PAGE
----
and religious spheres of the Ramah Community. George Oehler became an elder
Ramah Presbyterian Church in 1856 and remained a prominent member of the
congregation until the Civil War, when he was asked to leave because of his
"Northern sympathies." George Oehler's youngest son, James Cornelius Oehler,
would continue the family's dedication to the church by attending Princeton
Theological School and becoming a Presbyterian minister.2
The Erwin-Oehler House is also significant architecturally
for its unusual blending of German building practices and regional
vernacular building styles. The two-story, three-bay-wide and one-bay-deep
"I-house" plan, was one of the most popular forms for rural residents
and farmers throughout the nineteenth century. The Erwin-Oehler House is a rare
example of this common form; while the vast majority of I-houses in
Mecklenburg County (and throughout the state) were
wood frame construction covered with wooded clapboards, the Erwin-Oehler
is a heavy, almost spartan brick structure and the only known brick I-house
in the county. Although the house itself is unusual, the land that
surrounds the Erwin-Oehler House reflects the rural landscape as it was on
countless farms in and around Charlotte- Mecklenburg. While many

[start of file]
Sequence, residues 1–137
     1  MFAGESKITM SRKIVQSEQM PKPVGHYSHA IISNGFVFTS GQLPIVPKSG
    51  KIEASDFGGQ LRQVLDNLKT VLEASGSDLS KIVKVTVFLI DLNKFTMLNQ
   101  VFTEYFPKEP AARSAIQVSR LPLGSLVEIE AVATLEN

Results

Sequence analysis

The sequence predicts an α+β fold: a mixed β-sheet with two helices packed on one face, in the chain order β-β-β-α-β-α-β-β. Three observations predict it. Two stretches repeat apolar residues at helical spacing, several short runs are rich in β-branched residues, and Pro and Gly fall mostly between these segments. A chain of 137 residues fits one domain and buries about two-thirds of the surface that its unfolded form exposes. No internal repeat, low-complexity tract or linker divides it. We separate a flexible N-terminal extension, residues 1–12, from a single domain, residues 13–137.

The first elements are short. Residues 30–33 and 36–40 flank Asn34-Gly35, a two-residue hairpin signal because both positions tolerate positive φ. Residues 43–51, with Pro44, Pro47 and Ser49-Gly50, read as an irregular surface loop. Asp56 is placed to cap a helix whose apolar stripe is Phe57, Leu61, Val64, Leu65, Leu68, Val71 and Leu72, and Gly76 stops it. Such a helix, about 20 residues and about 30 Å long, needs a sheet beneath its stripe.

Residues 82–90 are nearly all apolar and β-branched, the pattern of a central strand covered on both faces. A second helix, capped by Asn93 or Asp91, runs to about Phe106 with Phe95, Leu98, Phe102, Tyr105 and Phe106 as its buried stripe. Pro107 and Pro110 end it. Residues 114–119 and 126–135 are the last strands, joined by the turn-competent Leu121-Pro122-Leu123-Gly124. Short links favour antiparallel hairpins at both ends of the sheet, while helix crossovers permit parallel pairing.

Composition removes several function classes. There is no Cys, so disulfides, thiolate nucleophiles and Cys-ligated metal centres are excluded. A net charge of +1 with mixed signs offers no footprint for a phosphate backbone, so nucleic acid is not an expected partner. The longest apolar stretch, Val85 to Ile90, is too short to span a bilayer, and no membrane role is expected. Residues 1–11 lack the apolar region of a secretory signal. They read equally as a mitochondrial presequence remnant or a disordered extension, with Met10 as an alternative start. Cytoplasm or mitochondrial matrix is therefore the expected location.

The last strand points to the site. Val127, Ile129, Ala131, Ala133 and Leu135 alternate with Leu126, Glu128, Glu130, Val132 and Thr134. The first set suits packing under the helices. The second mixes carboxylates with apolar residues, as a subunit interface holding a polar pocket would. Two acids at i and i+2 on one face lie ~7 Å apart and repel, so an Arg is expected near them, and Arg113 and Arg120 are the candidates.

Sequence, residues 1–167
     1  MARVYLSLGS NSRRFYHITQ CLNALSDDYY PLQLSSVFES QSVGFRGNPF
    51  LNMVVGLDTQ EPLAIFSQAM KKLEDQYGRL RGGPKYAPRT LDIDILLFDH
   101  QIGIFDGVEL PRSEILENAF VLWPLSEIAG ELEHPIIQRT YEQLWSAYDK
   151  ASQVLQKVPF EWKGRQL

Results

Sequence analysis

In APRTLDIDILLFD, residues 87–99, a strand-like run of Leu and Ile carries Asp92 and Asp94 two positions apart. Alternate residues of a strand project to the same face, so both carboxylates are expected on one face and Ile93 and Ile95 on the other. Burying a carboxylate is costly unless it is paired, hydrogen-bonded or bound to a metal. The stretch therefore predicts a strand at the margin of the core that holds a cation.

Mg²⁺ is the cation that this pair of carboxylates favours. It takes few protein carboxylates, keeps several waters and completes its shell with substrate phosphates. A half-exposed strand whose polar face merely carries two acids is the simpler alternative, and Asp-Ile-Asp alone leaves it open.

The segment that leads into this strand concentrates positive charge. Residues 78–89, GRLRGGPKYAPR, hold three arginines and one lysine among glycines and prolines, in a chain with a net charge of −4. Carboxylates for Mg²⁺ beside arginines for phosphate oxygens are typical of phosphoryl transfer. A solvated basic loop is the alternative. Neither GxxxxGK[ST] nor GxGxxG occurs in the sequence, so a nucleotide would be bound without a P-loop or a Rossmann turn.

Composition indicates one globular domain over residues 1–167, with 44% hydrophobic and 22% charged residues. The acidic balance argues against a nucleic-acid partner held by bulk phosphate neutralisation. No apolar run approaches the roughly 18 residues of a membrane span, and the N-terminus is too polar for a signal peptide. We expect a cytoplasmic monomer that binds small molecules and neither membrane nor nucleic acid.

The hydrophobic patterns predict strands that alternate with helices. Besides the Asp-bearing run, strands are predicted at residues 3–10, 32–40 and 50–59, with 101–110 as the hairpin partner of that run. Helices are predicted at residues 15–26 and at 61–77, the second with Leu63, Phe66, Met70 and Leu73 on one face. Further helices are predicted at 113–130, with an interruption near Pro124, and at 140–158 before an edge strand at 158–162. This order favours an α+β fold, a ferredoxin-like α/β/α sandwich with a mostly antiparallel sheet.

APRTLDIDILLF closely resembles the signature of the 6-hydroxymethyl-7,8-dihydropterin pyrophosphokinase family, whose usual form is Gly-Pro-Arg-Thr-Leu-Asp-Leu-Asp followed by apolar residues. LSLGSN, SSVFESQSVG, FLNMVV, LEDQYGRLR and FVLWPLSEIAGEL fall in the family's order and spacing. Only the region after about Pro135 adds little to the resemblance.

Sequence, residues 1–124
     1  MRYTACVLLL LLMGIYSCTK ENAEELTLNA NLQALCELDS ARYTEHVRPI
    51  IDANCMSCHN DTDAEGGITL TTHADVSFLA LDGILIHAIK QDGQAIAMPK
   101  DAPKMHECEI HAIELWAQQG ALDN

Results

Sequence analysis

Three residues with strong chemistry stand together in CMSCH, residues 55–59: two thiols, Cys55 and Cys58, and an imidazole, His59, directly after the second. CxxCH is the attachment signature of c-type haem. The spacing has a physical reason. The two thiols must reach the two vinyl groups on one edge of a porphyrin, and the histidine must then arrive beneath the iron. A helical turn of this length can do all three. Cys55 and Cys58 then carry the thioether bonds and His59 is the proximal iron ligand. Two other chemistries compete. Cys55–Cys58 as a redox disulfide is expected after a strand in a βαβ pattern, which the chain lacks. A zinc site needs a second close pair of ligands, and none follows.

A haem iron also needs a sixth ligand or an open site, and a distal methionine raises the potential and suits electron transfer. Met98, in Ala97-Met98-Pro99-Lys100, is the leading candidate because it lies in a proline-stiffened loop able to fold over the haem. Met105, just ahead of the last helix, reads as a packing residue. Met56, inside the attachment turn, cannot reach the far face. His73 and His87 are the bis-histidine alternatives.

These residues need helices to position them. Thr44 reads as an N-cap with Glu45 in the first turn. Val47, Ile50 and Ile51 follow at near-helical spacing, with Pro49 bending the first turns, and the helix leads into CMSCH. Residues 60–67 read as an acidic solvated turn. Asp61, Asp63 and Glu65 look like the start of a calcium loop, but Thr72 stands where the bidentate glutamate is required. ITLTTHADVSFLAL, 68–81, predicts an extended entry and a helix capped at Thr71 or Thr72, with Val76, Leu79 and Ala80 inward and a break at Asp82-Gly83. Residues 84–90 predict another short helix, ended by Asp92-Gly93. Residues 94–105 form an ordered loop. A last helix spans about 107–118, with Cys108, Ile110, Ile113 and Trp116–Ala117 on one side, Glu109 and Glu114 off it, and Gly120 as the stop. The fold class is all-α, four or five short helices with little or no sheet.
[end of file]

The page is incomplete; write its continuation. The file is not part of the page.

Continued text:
nineteenth-century farm complexes have been stripped of their original rural
surroundings by encroaching suburban development and subdivisions, the
Erwin-Oehler House, encircled by pristine fields, woodlands, and streams, retains
its rural, agricultural setting.
During the decades leading up to the Civil War,
Charlotte-Mecklenburg entered the beginnings of a prolonged period of growth
and prosperity that would continue, in one form or another, until the Great
Depression well into the twentieth century. The discovery of gold in the
area in 1799, which resulted in construction of a branch of the
U.S. Mint near the center of Charlotte, along with the arrival of the
Charlotte and South Carolina Railroad (one of the first railroads in western
North Carolina) in 1852, which prompted the completion of four railroads